Along with continuing to learn one new skill every year, there’s something else that will help you to be successful: Being in control of how you spend your time.
I’m often asked “How do you get so much done in one day?” and my response is always this: “Simple. I schedule my workload every day.” When a friend of mine asked that question and heard my response she was horrified. “Oh, I could never do that. I’m just not a structured kind of person. I’d rather see how my day is going and how I feel, and then decide what I work on throughout the day.”
Everyone has differences when it comes to the way they approach their work. My friend happened to be the type of person who liked living from one moment to the next, handling things as they arose. But the issue was that she wasn’t receiving the pay raises or promotions she had been hoping for.
So I gave her a fun little exercise to do: Document what she did every hour of each day at work for one week. When we sat down to chat afterwards, she was almost bursting to talk. “I can’t believe how much time I’ve been spending on emails! And I also realized how much I get distracted from what I planned to do and end up doing something else.”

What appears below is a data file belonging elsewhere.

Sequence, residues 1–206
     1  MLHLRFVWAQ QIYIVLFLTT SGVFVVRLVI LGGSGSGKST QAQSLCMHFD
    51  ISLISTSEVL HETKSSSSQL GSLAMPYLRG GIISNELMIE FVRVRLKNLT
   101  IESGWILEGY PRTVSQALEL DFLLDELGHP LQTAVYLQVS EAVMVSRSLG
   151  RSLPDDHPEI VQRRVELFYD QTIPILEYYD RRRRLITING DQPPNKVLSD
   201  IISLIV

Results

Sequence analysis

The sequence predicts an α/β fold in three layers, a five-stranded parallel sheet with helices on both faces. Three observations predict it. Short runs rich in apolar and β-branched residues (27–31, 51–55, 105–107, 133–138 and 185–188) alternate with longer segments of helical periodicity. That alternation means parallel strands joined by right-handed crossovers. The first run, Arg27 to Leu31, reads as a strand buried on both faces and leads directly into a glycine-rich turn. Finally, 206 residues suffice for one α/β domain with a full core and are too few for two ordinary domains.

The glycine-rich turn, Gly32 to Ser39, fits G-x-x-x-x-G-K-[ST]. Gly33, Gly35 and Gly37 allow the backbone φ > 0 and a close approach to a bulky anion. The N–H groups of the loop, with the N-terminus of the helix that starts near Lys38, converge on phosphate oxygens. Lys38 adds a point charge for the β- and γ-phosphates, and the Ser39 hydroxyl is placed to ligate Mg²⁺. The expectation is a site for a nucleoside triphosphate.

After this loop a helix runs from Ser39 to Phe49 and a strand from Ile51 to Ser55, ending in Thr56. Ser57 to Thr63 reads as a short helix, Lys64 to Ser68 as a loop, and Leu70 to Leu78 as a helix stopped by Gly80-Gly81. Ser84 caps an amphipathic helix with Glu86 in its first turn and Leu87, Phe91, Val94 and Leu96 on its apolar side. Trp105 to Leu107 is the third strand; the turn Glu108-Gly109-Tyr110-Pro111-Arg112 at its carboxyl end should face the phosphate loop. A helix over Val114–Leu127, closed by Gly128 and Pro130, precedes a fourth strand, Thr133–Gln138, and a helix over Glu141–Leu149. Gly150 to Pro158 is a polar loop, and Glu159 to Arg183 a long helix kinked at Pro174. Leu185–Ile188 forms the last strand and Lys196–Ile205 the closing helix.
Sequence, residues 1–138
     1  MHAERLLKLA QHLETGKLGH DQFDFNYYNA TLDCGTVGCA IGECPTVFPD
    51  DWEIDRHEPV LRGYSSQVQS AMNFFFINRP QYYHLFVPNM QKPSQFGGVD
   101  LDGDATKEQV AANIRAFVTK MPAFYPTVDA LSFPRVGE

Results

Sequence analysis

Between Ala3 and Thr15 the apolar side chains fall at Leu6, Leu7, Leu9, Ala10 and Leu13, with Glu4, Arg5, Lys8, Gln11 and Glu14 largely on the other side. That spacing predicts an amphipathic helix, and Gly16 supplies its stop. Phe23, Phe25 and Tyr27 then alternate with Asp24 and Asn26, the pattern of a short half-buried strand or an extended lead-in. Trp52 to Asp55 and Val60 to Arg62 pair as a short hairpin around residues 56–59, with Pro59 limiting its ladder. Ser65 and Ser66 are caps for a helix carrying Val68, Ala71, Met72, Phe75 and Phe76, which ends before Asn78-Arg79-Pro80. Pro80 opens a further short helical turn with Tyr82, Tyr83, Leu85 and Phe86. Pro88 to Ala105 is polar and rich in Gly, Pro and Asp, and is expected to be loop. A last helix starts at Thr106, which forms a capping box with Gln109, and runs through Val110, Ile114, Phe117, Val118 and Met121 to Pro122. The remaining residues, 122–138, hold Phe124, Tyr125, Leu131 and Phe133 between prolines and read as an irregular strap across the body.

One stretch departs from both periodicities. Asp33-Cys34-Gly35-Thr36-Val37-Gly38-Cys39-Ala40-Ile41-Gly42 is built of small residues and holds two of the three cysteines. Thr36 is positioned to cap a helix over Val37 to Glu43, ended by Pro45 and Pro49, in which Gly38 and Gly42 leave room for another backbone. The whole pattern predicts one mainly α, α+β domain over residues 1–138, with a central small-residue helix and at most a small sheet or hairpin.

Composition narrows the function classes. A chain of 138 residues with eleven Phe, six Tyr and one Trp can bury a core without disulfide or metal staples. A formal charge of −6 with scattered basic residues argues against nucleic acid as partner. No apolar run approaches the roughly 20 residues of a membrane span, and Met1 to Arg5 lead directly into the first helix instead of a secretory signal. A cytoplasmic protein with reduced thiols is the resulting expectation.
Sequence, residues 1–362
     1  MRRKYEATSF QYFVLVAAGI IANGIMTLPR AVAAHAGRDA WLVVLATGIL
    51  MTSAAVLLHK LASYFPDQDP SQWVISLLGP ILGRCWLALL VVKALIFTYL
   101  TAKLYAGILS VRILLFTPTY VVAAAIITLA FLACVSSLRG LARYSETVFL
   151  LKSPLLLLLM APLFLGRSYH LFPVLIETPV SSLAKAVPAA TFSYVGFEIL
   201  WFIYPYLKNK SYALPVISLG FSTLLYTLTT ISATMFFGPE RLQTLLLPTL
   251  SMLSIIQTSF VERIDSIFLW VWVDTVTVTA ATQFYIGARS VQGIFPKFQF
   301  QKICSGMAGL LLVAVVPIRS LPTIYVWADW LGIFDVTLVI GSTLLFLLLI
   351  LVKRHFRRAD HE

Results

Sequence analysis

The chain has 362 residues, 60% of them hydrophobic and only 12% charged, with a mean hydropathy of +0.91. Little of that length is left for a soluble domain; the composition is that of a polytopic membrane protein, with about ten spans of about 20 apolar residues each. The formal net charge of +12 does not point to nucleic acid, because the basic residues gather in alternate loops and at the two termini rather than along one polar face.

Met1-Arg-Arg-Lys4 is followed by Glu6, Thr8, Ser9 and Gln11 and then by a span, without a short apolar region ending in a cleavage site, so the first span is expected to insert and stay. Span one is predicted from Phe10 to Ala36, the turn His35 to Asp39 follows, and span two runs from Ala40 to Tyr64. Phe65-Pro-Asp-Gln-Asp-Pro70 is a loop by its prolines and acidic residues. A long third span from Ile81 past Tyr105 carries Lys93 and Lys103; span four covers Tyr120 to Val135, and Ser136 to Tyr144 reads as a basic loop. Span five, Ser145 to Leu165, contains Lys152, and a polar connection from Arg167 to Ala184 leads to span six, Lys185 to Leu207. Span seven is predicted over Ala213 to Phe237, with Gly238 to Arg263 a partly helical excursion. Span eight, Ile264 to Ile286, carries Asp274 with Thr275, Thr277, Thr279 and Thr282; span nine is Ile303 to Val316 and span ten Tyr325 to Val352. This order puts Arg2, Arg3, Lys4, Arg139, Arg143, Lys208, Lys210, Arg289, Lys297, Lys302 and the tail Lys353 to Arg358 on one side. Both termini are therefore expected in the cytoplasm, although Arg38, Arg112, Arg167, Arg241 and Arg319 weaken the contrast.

Sound familiar? It can be easy to get sidetracked at work when you don’t have clearly defined goals for what you’re trying to accomplish each day. If you want to achieve your career goals, one of the first skills to master is time management. Here’s how:
Find out where your time goes. Track your time for one week and then analyze the results.
Plan ahead. Sit down in a quiet location for 15-20 minutes and plan your week ahead. Write down the key projects and tasks you need/want to accomplish.
Prioritize. Rank your list so you can see the most important activities all the way down to the least important.
Block time on your calendar. Schedule the time you will need to complete your high-priority tasks and projects that week. Then, block out time for your medium-priority activities. If you’re out of time for the lesser priority items, you may need to push back on certain requests, ask for more time or work longer hours.
Carve out email time. Set aside specific times for checking your email, such as at the beginning of the day, right before and after lunch, and at the end of the day. Avoid checking email except during these times, as it can become a huge time sinkhole and distract you from your high-priority work!
The more disciplined my friend became managing her time, the more of her professional goals that she was able to accomplish. All it required her to do was to reframe her thoughts from “I wonder how my week will be?” to “Here’s what I’m going to accomplish this week.”